Metro Weekly

Raleigh, Wake County become latest in slew of North Carolina localities passing pro-LGBTQ ordinances

Following the expiration of a moratorium on inclusive ordinances, many cities and counties are now moving to protect their LGBTQ residents.

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Photo by Sophie Emeny on Unsplash

On Tuesday, the Raleigh City Council voted unanimously to pass a nondiscrimination ordinance protecting residents and visitors from discrimination based on sexual orientation, gender identity, and a host of other characteristics in employment and public accommodations, making it the fourteenth jurisdiction in North Carolina to pass an LGBTQ-inclusive ordinance this year.

Following Raleigh’s passage of the ordinance, all five of North Carolina’s five largest cities — Charlotte, Raleigh, Greensboro, Durham, and Winston-Salem — have similar nondiscrimination ordinances in place. 

The city council’s vote came one day after the Wake County Commission, which governs the county in which Raleigh is located, also voted unanimously to approve nearly identical protections based on a person’s sexual orientation, gender identity, natural hairstyle, veteran status, and a host of other characteristics. Earlier this month, commissioners in Mecklenburg County — the county in which Charlotte is located — moved along a similar ordinance, which they will have to approve with a final vote before the county can become the 15th jurisdiction with LGBTQ-inclusive protections.

The trend of localities adopting comprehensive ordinances is the result of a provision that expired last December that had, for three-and-a-half years, barred localities from passing their own nondiscrimination ordinances that go beyond the scope of statewide nondiscrimination laws passed by the North Carolina General Assembly. The provision was part of HB 142, a “compromise” piece of legislation passed to repeal HB 2, the controversial “bathroom” bill targeting transgender people’s access to public restrooms that led to an economic backlash against the state and was one of the key reasons cited for the defeat of then-Gov. Pat McCrory’s (R) re-election bid in 2016.

In addition to its more well-known portions that restrict localities from passing any legislation regarding bathroom access, HB 2 also overturned all existing nondiscrimination ordinances in the state. In early 2017, when the controversial law was repealed with the passage of HB 142, all localities were prohibited from passing nondiscrimination ordinances for nearly three-and-a-half years until December 2020. In addition, the ordinances could not explicitly extend protections allowing people to use restrooms in government buildings that align with their gender identity.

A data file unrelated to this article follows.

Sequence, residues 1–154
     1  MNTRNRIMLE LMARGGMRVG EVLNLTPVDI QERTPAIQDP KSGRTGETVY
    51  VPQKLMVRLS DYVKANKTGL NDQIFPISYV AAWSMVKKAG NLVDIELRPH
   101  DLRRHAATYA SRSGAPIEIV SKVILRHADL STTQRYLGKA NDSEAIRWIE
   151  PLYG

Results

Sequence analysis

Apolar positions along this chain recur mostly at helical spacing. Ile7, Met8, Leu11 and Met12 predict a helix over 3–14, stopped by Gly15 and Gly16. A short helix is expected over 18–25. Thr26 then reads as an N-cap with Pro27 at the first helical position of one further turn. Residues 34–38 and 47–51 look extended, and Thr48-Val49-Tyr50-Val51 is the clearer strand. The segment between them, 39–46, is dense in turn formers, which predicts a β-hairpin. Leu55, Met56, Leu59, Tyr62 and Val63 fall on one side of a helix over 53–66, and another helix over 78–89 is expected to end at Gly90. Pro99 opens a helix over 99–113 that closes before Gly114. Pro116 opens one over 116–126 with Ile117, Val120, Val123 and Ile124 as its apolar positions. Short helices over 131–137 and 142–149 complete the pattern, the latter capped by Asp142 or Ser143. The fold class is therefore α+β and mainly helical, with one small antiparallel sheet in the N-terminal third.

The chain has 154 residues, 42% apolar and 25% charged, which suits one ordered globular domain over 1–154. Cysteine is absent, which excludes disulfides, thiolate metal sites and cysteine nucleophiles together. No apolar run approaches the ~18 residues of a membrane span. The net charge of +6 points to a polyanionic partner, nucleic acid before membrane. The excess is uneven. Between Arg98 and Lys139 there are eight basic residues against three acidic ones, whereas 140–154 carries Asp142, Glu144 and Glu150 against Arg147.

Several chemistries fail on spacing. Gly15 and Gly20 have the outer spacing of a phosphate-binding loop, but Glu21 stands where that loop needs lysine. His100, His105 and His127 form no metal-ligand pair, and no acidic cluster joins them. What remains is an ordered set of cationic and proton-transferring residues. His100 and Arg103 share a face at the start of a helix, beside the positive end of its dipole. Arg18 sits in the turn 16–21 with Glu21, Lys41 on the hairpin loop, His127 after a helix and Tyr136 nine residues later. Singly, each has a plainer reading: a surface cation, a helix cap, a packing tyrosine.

“At the beginning of 2021, every LGBTQ person in our state was left vulnerable to discrimination — but now, ten months in, local nondiscrimination ordinances protect millions of residents,” Kendra Johnson, the executive director of statewide LGBTQ organization Equality NC, said in a statement. “Now, it’s time for state and federal lawmakers to take notice. North Carolinians should be protected no matter where they live or travel, and that requires action from the NC General Assembly and from our U.S. Senators.”

Speaking to Metro Weekly in an interview, Johnson said the unanimous votes in Raleigh and Wake County weren’t surprising, because both are largely progressive jurisdictions, but council members and commissioners were trying to take their time to craft an ordinance that could withstand legal scrutiny.

“There was never really a question about passage, because since HB 2 — even going back to Amendment One [North Carolina’s same-sex marriage ban] — LGBTQ issues have been a huge black eye for the state in terms of how how the the North Carolina General Assembly has moved. I think there was a deep desire to turn the page on that terrible legacy,” Johnson said. “So I think folks were looking at legality through enforcement measures that not would be punitive, but would start to build some culture change.”

Related: North Carolina Democratic congressional candidate apologizes for voting for anti-trans “bathroom bill”

Each ordinance has been tailored to the needs of each community, though all contain some protections for employment and public accommodations — sans restrooms, per the provisions of HB 142 that remain in effect to this day and would need to be repealed by state lawmakers. Ordinances in five cities, including Charlotte, Durham, and Winston-Salem, also contain protections for housing, because the General Assembly had previously granted those cities the ability to regulate housing due to direct agreements in place between those jurisdictions and the U.S. Department of Housing and Urban Development.

Johnson noted that grassroots activists had been mobilizing for months prior to the lifting of the ban imposed by HB 142. Some candidates for local office even signed a pledge promising to pass LGBTQ-inclusive nondiscrimination ordinances once it was legal to do so. In March 2020, working with community stakeholders, Equality NC, the Campaign for Southern Equality, Local Progress North Carolina and the LGBTQ Democrats of North Carolina began compiling information that would help guide cities and counties in passing such ordinances, providing legal arguments to justify the passage of LGBTQ protections and encouraging local officials to approve comprehensive ordinances.